Warning: imagejpeg() [function.imagejpeg]: gd-jpeg: JPEG library reports unrecoverable error: in /home/rjblog/public_html/wp-includes/class-wp-image-editor.php on line 391
URJ Sacred Conversations

Breathing Through God



Did you know that when you breathe you are connecting to God? Or you could be if you were aware of what you were doing. Really.

As part of our experimental Jewish Spiritual Journey Facebook Group, one participant asked me, “Does the word SHEMA have something to do with our breath?” I love the question. Here’s how I answered him:

Shema absolutely has to do with the breathe because it twice invokes the name we call God, the four letter name Yud Hey Vav Hey which we often pronounce as Adonai. Adonai is just a euphemism for Yud Hey Vav Hey, meaning “my Lord”.  My Lord was once considered a very high honorific in human society, thus that’s what we used to call God (today we would choose something like “Celestial CEO”).

URJ Sacred ConversationsBut this four letter name of God Yud Hey Vav Hey is really unpronounceable, as it consists of four expulsions of breath from the mouth or throat. Yud occurs back where the hanging thing in the back of your throat is. There is no sound unless combined with a vowel. Try making a “y” sound without a vowel attached. Hey, twice appearing is just the expulsion of breath through the open throat. Unless accompanied by a vowel, it just is the unsounding sound of breath release. Finally, Vav stands for the “O” or “OO”, neither of which really make a sound beyond the stop and start of the breath in the mouth.

So when we twice say Yud Hey Vav Hey during the Shema, we are saying that the Breathe that makes no sound IS God, or at least where God resides. God resides in the breathe. God is the breath.

That breath is echad, one, the oneness or unity that unites all life and all creation.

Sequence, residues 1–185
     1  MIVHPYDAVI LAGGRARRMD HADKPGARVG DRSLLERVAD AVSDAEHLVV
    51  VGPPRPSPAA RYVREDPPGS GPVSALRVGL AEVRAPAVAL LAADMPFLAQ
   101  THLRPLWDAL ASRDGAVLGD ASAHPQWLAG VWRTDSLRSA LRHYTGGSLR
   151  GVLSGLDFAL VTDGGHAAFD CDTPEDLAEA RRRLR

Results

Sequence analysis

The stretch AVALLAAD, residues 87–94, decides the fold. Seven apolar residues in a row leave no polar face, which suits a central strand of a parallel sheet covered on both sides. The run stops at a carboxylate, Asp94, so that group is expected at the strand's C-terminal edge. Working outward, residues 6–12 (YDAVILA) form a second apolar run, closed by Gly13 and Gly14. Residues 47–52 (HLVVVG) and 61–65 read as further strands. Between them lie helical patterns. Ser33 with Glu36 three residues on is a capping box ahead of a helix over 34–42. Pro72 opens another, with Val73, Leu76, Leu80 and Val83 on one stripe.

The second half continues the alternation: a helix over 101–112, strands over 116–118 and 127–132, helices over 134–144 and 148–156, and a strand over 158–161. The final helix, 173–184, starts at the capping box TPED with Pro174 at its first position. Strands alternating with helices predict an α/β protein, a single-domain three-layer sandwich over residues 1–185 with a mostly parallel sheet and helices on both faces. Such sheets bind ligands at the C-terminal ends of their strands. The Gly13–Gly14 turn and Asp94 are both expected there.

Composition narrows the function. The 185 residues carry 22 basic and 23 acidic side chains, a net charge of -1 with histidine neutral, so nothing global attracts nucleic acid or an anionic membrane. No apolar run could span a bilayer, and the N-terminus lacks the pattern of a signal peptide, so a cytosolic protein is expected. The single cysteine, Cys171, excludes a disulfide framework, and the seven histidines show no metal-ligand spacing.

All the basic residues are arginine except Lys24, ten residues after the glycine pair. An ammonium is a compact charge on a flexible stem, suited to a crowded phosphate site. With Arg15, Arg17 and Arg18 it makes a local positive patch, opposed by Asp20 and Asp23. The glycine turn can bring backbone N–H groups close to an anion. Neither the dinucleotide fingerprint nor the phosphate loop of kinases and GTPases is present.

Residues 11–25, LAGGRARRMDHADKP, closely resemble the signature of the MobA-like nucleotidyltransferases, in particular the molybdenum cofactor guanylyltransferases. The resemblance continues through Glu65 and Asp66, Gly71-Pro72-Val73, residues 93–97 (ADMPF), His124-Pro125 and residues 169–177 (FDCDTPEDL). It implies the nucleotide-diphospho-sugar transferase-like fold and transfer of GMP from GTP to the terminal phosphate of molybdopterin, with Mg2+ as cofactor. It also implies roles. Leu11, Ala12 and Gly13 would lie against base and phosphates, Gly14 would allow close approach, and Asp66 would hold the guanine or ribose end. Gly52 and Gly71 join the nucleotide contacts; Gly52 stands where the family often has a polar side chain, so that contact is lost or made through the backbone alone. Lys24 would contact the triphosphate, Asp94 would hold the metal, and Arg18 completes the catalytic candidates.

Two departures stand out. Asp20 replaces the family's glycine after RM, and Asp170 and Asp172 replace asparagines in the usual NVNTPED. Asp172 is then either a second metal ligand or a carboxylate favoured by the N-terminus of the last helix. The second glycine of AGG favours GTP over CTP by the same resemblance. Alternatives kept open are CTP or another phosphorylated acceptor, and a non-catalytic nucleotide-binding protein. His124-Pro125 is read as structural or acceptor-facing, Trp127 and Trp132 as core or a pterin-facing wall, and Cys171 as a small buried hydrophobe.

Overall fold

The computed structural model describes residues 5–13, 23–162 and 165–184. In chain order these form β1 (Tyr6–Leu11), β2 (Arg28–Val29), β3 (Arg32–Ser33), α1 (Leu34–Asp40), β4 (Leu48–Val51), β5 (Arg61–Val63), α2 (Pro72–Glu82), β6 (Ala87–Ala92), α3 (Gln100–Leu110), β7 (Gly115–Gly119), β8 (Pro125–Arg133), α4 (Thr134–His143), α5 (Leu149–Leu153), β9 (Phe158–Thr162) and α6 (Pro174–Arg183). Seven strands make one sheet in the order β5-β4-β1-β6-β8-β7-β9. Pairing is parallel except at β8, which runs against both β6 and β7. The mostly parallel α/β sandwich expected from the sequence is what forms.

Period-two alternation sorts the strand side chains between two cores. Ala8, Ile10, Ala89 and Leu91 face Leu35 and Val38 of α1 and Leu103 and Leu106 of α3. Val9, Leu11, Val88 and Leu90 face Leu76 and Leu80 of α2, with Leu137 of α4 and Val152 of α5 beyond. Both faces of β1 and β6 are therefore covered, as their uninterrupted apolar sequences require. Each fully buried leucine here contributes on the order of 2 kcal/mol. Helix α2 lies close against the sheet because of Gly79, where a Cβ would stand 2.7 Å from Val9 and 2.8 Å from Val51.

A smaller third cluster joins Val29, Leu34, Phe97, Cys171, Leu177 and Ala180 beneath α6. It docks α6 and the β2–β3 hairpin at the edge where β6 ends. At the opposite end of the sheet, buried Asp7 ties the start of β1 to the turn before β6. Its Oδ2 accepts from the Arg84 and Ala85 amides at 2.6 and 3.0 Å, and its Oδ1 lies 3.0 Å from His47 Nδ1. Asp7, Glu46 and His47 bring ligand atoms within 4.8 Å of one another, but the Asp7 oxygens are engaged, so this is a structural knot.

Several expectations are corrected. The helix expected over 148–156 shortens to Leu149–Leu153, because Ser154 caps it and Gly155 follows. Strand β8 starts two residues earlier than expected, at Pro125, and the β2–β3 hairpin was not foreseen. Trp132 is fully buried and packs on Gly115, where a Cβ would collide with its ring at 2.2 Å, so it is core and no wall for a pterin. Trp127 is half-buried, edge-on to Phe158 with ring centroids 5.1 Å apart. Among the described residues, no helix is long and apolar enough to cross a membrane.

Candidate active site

So I ask all of you: Do you connect spirituality and/or breathing with Shema? Do you find yourself more spiritual when you are connected to your breath or breathing?

BTW: Our Jewish Spirituality Journey Facebook group is a closed group (meaning the answers do not appear in the Facebook pages of non-participants). Anyone can join the discussion. Just go on Facebook and ask Paul Kipnes to add you to the group. Of course, you have to Facebook Friend me first. Join in. We have already had some great discussions.

Article was also posted at Or Am I?

 

Share your story! Help us to create a community of communities – amovement of a million and a half Reform Jews, listening, caring, and finding meaning ineach other’s words. Submit your stories to the Sacred Conversations project for possible inclusion on the RJ Blog.

Twitter Digg Delicious Stumbleupon Technorati Facebook Email
Rabbi Paul Kipnes

About Rabbi Paul Kipnes

Rabbi Paul Kipnes the spiritual leader of Congregation Or Ami in Calabasas, CA. He teaches Pastoral Counseling in the Rabbinical School and serves as a member of the Rhea Hirsch School of Jewish Education clinical faculty at Hebrew Union College-Jewish Institute of Religion in Los Angeles. He serves as Rabbinic Dean at Camp Newman in Santa Rosa and chair of the Revenue Enhancement Committee of the Central Conference of American Rabbis. Rabbi Kipnes co-edited a national CCAR Journal issue on New Visions for Jewish Community. Under his leadership, Congregation Or Ami has won national awards for social justice programming, for innovative worship programming, for outreach to interfaith families, and for engaging family education, and for best overall use of technology in a synagogue. Or Ami also wins the hearts of its families for its Henaynu caring community, which reaches out during times of need. This and his other writings can be viewed on his blog, Or Am I?. He tweets @RabbiKip.

No comments yet... Be the first to leave a reply!

Leave a Reply

*